Pentax *ist DL review
I bought a lightly-used *ist DL for $360, after carefully studying the DSLR market for many years.
I was shooting 35mm on a Nikon F80, and assumed that I would jump to the D50 or it's replacement... unfortunately the D80 was very overpriced, and the D40 wouldn't work with most of the autofocus lenses I was interested in. The disappointment of the D40 led me to seriously consider other options.
The whole Pentax DSLR line is worthy of consideration -- Pentax have resisted "crippling" their cameras to make them cheaper, they will just use simpler construction (like the pentamirror instead of pentaprism). The ergonomics are similar across the line, and the newer cameras are not radically different or better than the *ist line. I test-drove a K100D and K110D in the store, determined that I didn't really need the shake reduction, and really enjoyed the ergonomics. The camera is tiny, but has a solid grip and well-placed buttons. The K100D really identical to the *ist DL in handling. The big beautiful LCD is the same, the interface is identical. The only real difference is the SR.
The real advantage of the Pentax over a similar Nikon is the features. Consider what the *ist DL (or any Pentax) offers over Nikon:
- the ability to fully utilize ALL of the Pentax K lenses, going back decades.
- seamless support for even more lenses with the M42 screw-mount (I paid $6 for an adapter.) I love shooting with these lenses -- metering is simple, focussing is a joy.
- mirror-lock up (to get the sharpest possible landscape or night exposures.)
If I went for the latest models (K10D or K100D) then I'd also get SR...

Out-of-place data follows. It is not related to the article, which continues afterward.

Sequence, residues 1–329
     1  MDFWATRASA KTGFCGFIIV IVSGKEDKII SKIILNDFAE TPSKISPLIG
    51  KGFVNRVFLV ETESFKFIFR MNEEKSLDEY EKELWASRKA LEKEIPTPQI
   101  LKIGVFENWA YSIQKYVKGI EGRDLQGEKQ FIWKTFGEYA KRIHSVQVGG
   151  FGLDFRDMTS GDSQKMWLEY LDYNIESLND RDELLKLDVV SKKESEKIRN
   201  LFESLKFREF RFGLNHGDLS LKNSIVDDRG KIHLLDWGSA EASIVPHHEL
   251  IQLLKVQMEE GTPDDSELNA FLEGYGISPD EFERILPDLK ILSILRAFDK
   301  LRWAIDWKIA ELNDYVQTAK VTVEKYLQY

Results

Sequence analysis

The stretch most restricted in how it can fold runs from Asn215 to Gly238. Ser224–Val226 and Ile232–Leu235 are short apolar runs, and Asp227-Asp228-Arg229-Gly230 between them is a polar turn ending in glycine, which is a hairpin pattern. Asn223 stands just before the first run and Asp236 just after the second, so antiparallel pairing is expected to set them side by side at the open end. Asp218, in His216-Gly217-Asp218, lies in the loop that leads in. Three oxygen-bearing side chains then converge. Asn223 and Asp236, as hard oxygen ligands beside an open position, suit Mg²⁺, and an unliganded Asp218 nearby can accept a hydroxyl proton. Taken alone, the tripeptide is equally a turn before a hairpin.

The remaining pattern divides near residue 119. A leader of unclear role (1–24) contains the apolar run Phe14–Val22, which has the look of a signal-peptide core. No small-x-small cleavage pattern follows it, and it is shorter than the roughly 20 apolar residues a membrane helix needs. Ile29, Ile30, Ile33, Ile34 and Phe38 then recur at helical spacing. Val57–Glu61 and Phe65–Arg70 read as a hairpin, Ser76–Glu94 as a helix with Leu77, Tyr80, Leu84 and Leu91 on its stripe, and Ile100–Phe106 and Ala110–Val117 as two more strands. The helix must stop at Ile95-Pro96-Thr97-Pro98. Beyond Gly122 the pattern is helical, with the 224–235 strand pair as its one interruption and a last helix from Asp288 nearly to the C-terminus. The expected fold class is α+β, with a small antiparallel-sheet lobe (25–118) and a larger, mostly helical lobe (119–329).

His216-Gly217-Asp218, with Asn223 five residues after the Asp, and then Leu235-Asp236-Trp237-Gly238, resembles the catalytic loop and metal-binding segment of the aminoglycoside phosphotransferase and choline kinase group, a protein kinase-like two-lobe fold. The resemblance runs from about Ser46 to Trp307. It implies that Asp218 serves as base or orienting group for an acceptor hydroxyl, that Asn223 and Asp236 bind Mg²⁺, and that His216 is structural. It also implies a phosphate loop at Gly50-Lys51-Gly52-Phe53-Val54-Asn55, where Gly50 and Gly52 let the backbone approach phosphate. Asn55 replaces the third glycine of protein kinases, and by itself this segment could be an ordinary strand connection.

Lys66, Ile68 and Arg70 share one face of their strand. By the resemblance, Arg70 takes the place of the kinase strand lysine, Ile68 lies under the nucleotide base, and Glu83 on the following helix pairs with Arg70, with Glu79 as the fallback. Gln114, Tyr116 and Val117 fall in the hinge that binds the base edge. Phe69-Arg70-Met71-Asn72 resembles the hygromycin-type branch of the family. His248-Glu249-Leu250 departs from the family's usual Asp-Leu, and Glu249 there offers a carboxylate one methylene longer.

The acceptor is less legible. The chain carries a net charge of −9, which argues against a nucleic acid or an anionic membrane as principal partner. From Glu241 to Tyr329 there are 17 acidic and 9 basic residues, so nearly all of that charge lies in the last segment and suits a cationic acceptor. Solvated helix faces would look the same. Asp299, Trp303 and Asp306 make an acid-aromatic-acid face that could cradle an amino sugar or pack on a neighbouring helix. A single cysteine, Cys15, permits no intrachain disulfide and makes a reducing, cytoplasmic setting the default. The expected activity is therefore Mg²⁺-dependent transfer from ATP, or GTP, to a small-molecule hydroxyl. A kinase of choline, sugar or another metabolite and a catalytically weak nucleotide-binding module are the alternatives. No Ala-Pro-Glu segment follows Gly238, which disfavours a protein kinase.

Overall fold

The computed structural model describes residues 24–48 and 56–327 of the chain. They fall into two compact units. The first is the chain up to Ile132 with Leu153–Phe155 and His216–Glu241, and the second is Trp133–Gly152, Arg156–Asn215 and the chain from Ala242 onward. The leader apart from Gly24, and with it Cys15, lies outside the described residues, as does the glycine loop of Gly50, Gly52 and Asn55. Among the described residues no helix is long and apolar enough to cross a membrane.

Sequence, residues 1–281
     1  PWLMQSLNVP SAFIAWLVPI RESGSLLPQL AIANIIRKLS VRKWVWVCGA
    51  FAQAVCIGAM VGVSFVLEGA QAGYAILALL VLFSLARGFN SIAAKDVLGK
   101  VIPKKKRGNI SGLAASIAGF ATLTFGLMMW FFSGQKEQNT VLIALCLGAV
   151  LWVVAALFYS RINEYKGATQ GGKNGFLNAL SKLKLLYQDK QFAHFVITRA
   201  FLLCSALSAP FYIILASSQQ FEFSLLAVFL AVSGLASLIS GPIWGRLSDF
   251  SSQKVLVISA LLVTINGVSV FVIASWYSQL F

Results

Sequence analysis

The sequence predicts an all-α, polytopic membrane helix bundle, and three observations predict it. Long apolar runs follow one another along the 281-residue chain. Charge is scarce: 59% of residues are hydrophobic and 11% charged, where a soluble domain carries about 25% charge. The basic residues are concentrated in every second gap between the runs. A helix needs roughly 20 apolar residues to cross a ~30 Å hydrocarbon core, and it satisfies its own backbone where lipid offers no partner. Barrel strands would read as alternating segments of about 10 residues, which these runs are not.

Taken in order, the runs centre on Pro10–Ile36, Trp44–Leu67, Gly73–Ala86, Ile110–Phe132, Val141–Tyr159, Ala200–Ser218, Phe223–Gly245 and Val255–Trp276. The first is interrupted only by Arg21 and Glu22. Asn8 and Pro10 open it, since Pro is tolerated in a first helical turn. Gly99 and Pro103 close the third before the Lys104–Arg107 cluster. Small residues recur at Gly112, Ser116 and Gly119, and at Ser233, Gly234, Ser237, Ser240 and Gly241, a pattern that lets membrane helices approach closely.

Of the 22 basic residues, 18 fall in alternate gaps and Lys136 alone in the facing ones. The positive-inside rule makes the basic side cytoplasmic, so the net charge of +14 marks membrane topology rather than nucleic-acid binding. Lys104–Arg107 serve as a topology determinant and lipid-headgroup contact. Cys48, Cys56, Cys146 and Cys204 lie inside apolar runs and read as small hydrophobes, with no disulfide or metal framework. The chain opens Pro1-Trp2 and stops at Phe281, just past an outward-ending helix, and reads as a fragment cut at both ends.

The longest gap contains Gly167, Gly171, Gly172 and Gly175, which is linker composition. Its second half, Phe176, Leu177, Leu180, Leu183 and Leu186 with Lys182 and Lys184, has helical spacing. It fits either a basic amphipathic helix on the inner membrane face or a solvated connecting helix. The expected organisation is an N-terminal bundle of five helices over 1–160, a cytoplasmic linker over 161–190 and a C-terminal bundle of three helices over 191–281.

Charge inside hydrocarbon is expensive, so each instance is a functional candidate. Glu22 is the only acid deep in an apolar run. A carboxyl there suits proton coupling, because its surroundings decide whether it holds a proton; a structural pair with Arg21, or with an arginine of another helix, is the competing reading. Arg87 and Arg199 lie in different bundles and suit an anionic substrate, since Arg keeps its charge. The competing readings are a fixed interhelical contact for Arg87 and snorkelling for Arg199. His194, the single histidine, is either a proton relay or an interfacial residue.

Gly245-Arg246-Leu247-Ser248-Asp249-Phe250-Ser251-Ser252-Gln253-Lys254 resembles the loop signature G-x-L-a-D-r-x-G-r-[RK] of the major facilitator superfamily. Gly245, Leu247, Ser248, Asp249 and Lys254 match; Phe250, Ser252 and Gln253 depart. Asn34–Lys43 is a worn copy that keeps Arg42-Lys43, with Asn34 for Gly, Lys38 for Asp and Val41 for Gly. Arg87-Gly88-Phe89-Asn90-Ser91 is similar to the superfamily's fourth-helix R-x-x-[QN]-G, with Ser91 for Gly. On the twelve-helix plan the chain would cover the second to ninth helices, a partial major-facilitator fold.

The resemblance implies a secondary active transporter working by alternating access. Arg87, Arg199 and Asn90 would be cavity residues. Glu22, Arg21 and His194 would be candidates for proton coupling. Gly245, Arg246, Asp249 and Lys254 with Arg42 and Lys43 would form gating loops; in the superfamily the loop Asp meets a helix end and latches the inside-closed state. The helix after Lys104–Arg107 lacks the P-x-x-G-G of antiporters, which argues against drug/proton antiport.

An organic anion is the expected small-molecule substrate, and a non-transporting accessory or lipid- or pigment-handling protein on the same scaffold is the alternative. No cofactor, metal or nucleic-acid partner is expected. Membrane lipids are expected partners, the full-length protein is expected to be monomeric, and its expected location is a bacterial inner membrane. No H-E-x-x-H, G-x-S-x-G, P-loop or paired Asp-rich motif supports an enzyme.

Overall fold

Pentax offer a well-made camera, with features that don't appear in Nikon's lineup until the (EXPENSIVE) D200. The Sony sensor is the same one that Nikon uses. Shooting RAW, there is really no difference between any of these cameras. So why would I pay the premium for a Nikon price tag? I am so pleased with the *ist DL, that if I ever have need for "more" camera I will be happy to purchase the K10D (or whatever the top camera is then.)
Two topics seem to come up all the time regarding Pentax -- first is lens selection. This is kind of a non-issue for me because I love having 50 years worth of Pentax Takumar glass available for use. Also, the latest rumblings from Pentax suggest there will be a much broader selection of digital-only lenses coming out very shortly. (My guess? Pentax were holding off on new D lenses, thinking that full-frame DSLRs might take over. But the market seems to have settled into APS-C sized sensors, and larger-format sensors seem to have receded somewhat -- witness Pentax cancelling their planned MF digital.)
The other topic is batteries. I LOVE using AA NiMH batteries in my *ist DL! The batteries last a long time, and are so cheap that I have lots of them. No-name cheapy 1600 MAH batteries are giving me 450 shots, half with flash. If I bought better batteries, I'd get even better performance. The AA's are small and light -- I wrap four of them in a rubber band, drop them in my pocket, and have backup power anywhere I go. I know that in an emergency (or 20 years from now) I can always find AA power (even lithium) and not worry about finding an exotic one-off battery from the manufacturer.
This is not a problem -- just an observation -- that Pentax does not "over-sharpen" the JPGs in the camera. This actually preserves image quality and allows you to control the sharpening yourself for different size prints. Turn up the in-camera sharpening if you want to skip that step in Photoshop, or don't care about such things.
Again, I shoot RAW, so I have complete control over sharpening, color temperature, etc.
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|Jul 18, 2007|